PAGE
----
B Mishra

B Mishra

Indian Institute of Technology (Banaras Hindu University), India

Title: Pastillation technology based design and development of oral modified release multiparticulate drug delivery system


B.Mishra is currently working as Professor and Head at Department of Pharmaceutics,IIT (BHU),Varanasi,India. He is M.Pharm . PhD ,has 30 years of teaching and research experience,and is a reputed researcher in the area of rate controlled oral drug delivery systems including nano medicines. He has produced 12 Ph,D. ,50 M Pharm, and published around 170 research/review articles, written several book chapters and has h index - 25, i10 index-58,citations more than 2600,received various awards ,delivered several talks within India and outside. He has handled several research projects as well. Currently supervising 12 students for higher degree.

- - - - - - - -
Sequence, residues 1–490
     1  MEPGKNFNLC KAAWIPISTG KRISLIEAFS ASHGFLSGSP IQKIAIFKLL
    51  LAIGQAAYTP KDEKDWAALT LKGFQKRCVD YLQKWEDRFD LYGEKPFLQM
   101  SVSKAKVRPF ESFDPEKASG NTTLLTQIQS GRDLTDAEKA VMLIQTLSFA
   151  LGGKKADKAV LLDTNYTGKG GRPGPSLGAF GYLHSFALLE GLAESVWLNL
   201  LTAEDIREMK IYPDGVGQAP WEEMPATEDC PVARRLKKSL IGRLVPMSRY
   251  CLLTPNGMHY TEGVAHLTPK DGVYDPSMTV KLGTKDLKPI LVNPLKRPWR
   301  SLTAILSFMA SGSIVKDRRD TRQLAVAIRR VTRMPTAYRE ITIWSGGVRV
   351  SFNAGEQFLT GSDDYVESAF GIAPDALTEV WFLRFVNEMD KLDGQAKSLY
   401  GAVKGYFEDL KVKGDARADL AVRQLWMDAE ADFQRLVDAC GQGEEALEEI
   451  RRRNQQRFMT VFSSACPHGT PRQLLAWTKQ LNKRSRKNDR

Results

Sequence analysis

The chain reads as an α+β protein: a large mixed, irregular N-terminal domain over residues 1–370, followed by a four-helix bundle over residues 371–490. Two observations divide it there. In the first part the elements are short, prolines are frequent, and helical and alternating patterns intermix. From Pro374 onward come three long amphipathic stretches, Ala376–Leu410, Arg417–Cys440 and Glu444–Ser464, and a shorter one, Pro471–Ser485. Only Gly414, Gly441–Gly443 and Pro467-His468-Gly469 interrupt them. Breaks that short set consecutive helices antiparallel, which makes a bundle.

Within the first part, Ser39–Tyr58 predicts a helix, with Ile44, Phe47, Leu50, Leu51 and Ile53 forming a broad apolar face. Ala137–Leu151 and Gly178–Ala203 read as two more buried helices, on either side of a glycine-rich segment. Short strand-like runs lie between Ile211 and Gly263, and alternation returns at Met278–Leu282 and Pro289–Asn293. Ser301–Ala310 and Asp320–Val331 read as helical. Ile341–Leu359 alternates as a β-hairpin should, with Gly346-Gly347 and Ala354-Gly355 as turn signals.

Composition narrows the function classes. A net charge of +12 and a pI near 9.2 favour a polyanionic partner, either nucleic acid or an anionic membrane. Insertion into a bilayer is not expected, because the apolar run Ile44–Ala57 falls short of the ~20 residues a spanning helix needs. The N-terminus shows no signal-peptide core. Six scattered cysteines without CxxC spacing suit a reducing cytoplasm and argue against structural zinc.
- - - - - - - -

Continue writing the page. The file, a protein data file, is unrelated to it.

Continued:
Pastillation is a robust technology in chemical industry to convert hazardous chemical powders to solidifi ed hemispherical pellets, called Pastilles using a large equipment called “rotoformer”. In this process the dusty chemicals are heated to convert them into a melt and then this melt is dropped on a cold surface to solidify the melt into pastilles. Th ere are several pharmaceutical excipients, like waxes, lipids and PEGs, which can be liquefi ed by melting and then can be moulded into desired shape. Waxes and lipids are hydrophobic in nature and are being used to control the release of drugs in the aqueous gastric environment. On the other hand PEGs are water soluble drug carrier and can deliver the entrapped drug as soon as it comes in contact with GI fl uids. Considering above concept, we explored the possibility of utilizing pastillation technology in the design and development of oral modifi ed release multiparticulate delivery system of Doxofylline, which can be used for the better treatment of asthma and COPD. We designed a small setup of laboratory scale to prepare the pastilles. Using this technology, issues like improved patient compliance with enhanced therapeutic effi cacy of Doxofylline was addressed. Controlled release pastilles were prepared using lipids carrier for improving patient compliance. Whereas issue of enhanced therapeutic effi cacy of doxofylline, specifi cally for the management of nocturnal asthma, was addressed by designing immediate release pastilles using PEG as drug carrier, which was further enteric coated to achieve the required drug release profi le. Th e developed formulations were characterized for their physicochemical characteristics, in-vitro performance and in-vivo behaviour. Th e laboratory scale preparation of pastilles, experimental details and the fi ndings will be presented in detail.

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